What animal has three toes, loves mud, and has a name that means “nose horn” in Greek? 

If you guessed the rhinoceros – or rhino for short – you would be correct!

Despite looking like prehistoric creatures, rhinos are mammals that follow a diet of herbivores, snacking on fruits, grasses, twigs, and leaves. This grassy diet is nothing to laugh at – certain species of rhino can weigh up to 3,500 kilograms (over 7,700 pounds)! Aside from their impressive size, one of the most prominent features of rhinos is their horns. Rhinos can have one or two horns made of keratin, just like our fingernails and hair! These horns are very important for rhinos, as they are used to defend themselves from predators and forage. 

There are five species of rhino, with white and black rhinos found in Africa and Indian, Javan, and Sumatran rhinos located across southern Asia. White rhinos are concentrated in South Africa but have also been introduced to surrounding countries. About 98% of the black rhino population lives in South Africa, Namibia, Zimbabwe, and Kenya. Unfortunately, several species of rhinos have been designated as critically endangered by the World Wildlife Foundation, including the black rhino, due to poaching and habitat loss. Efforts to support these endangered animals appear to be working, as the numbers of black rhinos have increased by several hundred from 2012 to 2018. In 2019, Tanzania flew nine black rhinos to Serengeti National Park to increase the rhino population.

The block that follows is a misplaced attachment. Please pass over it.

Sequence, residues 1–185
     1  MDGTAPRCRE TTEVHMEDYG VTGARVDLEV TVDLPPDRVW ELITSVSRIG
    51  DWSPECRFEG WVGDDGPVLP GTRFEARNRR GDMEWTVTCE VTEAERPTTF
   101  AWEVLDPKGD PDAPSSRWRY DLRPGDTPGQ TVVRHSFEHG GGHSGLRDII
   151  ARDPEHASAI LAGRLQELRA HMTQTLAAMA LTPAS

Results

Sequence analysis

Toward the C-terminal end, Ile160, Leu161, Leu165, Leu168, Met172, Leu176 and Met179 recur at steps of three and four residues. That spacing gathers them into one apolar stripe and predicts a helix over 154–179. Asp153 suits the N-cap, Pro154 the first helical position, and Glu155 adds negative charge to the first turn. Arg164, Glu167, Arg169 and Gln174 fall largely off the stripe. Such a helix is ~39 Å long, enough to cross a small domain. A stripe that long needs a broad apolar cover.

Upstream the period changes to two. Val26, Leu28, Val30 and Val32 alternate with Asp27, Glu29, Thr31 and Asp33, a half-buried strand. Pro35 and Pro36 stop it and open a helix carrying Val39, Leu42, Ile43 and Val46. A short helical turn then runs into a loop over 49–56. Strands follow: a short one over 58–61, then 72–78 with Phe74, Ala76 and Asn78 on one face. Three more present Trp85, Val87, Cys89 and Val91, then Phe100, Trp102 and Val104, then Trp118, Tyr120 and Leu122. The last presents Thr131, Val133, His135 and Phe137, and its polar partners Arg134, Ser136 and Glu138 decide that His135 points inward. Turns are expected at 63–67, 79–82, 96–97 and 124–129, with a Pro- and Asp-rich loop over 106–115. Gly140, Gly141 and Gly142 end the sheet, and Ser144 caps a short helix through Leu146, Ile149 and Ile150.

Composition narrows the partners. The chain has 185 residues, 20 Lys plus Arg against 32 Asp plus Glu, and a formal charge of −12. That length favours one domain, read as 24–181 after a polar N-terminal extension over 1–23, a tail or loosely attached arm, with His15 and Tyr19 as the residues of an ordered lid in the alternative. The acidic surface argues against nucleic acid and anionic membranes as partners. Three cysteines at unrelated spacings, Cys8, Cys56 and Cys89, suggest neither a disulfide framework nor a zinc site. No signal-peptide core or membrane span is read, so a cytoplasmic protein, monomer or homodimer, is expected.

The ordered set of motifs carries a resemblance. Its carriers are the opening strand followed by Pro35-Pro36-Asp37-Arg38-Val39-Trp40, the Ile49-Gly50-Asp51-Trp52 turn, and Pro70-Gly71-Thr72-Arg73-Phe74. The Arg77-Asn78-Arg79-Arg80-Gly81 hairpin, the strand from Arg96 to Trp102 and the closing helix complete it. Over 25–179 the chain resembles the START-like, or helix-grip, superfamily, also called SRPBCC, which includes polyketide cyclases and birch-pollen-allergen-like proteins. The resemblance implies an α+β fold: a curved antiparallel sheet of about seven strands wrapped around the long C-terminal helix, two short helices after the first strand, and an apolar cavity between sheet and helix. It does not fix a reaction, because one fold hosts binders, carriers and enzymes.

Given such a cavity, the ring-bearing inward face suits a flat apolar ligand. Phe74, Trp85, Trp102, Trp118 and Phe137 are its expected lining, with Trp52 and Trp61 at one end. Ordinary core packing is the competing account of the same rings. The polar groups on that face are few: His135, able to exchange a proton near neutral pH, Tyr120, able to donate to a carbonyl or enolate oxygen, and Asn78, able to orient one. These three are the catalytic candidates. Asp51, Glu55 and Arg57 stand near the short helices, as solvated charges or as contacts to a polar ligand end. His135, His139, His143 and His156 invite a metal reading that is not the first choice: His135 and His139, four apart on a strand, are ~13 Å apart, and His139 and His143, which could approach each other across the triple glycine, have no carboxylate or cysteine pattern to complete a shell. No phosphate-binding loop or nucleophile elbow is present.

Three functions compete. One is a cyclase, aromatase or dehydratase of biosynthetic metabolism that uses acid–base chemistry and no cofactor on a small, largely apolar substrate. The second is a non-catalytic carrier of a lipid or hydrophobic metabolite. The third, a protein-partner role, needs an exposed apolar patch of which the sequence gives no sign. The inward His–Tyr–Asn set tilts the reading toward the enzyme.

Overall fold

Traveling to East Africa means that you will potentially see a black or white rhino – but how do you tell the difference between them? Their names do not offer much help, as both species are actually gray! The most apparent difference between the two species is the shape of their upper lip. Black rhinos have a pointed upper lip that is useful for browsing for food, whereas white rhinos have a square-shaped lip useful in grazing. Black rhinos will also tend to hold their head higher, while white rhinos will keep their heads closer to the ground to help them graze for food.

The delicate conservation status of rhinos makes spotting them on an African safari all the more special and impactful. If you are so lucky to see these magnificent animals while on your trip, be sure to use proper wildlife etiquette, keep your distance, and marvel at their sheer size and presence!